Black military veteran denied Chili’s discount says that his address was published and he no longer felt safe at his home.
Ernest Walker, the Black military veteran who on Veteran’s Day was denied his free meal at Chili’s when his service was questioned, has had to move out of his home because of threats that he received since his contact information was published with the story.
The day after Veteran’s Day, Walker had posted to Facebook to tell the story of how his free meal was taken away after a customer questioned the uniform that he was wearing, The Grio reports.
— Pearl Dimmesdale (@OwossoKim) November 28, 2016
Daily News claims, the video sparked threatening messages to Walker from hidden phone numbers, and he faced even more vitriol on social media, Merritt said.
Brinker International, which owns Chili’s, said it takes Walker’s story “very seriously.”
The manager seen in Walker’s video has been removed from the job, according to the chain.
Walker and the company have been in talks to address the issue — and he hopes the ordeal could spark help for veterans in need of meals, his attorney told the newspaper.
As a result of the media frenzy, Dallas Mavericks owner Mark Cuban reportedly offered Walker two season tickets to a Mavericks game Wednesday and for the rest of the season, TMZ reported.
According to Star-Telegram, Lee Merritt, Walker’s attorney, said that since his client’s home address was inadvertently publicised by a news outlet, he has been threatened over the telephone and has received a suspicious package at his house.
“He, his wife and his dog have had to move out around the 13th and they’ve been out ever since,” Merritt said. “Veterans Day was on Nov. 11.”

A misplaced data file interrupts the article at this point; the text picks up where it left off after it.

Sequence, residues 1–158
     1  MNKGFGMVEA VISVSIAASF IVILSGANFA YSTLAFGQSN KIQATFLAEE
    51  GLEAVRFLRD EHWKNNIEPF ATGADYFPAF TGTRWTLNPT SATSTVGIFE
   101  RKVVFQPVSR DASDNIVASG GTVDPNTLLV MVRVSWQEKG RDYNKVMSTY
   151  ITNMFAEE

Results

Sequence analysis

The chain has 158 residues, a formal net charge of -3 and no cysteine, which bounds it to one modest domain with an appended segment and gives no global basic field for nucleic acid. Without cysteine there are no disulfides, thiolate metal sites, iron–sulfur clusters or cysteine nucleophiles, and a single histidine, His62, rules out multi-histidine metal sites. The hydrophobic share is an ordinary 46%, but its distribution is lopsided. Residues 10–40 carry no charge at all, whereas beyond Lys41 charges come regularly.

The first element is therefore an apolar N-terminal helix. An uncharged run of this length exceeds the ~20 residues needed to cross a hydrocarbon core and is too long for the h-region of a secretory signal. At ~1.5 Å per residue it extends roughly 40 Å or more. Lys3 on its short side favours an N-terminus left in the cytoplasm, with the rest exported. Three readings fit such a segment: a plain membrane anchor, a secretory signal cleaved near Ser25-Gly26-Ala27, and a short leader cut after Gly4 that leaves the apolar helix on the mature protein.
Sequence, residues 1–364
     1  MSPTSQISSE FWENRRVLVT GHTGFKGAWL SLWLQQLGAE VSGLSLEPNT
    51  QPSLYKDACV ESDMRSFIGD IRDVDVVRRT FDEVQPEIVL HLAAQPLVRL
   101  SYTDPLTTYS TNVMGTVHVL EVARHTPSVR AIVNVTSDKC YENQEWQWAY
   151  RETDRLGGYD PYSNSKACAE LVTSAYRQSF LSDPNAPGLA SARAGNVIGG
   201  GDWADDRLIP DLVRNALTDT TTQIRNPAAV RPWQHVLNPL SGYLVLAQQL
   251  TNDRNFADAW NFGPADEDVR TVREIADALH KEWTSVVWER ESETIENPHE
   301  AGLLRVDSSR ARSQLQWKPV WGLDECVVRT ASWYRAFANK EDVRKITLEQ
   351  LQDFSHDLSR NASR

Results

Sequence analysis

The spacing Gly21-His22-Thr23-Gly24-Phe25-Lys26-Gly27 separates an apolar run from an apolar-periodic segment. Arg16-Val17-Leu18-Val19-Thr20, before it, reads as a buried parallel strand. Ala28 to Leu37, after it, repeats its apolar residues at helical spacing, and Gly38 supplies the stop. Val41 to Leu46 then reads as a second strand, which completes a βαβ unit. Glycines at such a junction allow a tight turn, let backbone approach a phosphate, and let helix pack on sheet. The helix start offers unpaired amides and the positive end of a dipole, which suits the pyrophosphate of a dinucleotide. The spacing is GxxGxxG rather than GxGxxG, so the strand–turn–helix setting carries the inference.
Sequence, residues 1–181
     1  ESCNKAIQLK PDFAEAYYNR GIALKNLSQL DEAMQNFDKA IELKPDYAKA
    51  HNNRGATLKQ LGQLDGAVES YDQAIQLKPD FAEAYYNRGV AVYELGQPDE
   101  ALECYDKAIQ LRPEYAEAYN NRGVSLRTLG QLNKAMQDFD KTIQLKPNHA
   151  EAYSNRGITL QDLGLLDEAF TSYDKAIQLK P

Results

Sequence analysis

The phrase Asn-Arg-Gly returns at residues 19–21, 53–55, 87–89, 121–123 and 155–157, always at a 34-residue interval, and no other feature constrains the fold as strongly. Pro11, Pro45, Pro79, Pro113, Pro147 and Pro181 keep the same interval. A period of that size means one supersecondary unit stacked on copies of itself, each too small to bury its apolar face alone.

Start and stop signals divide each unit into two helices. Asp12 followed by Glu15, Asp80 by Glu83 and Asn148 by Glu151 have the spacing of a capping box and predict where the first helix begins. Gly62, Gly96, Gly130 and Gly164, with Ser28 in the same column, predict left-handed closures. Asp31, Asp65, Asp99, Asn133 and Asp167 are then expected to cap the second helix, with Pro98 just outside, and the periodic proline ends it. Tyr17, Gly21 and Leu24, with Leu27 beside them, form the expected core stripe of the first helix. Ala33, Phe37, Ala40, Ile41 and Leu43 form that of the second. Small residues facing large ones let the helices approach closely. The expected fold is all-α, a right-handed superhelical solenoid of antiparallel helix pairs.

Merritt said Walker is not hurting for a meal, however, and is exploring ways he can help veterans who are needy using the donations that have come his way since his story became public. Walker has also established a gofundme page to further that effort, Merritt said. The page has raised more than $6,000 as of 7 p.m. on Nov. 22.
The Dallas-based Chili’s restaurant chain has since apologised for the incident.
Merritt said he has not had an opportunity to pass along the threats to authorities. Some of the threats Walker has reviewed involve messages saying that they know where Walker lives and they have looked up the social media profiles for Walker’s adult children.
“Many of the threats [Walker] has reviewed seem to come from ex-military who have chosen to believe that Mr. Walker has stolen valor,” Merritt said. “But also, there are veterans who have come to Mr. Walker’s aid, of other races. There was this one man, he wants to set up a dinner with fellow veterans and that’s been great. Mr. Walker has been constantly trying to overcome the naysayers and is establishing this effort to try and help some of his fellow veterans.”
“We’ve received phone calls, and it’s always a restricted line,” Walker explained. “People are saying, ‘Hey, we know where you live.’”
The threats that Walker and his family have been receiving have reportedly been arriving through phone calls, mail and online, The Root notes.
After a Dallas media agency published his address, Walker and his wife decided to move out of their home.
Veteran mistreated by restaurant mgr now getting mistreated by strangers? Why someone threatened to kill Ernest Walker’s service dog at 6pm pic.twitter.com/B0y8N4TVkr
— Homa Bash (@HomaBashNBC5) November 23, 2016
“We had to protect ourselves,” Walker said. “So we had to leave. We had to take our dog away from the house because there was threats against our dog.”
Walker and his supporters are set to host a free luncheon for vets next month.
“This country right now is wounded,” said Walker. “There needs to be a healing process. For the people that reached out to me from all different colors, races, creeds and religions, that let me know there is hope for this country.”
Unfortunately even being a military veteran and putting life at stake for the sake of the country doesn’t protect a Black person from racial bias as racism seems to be stronger than any other tradition in America. There seems to be no other way for people like Ernest Walker than to arm themselves and protect their families and their honorable status.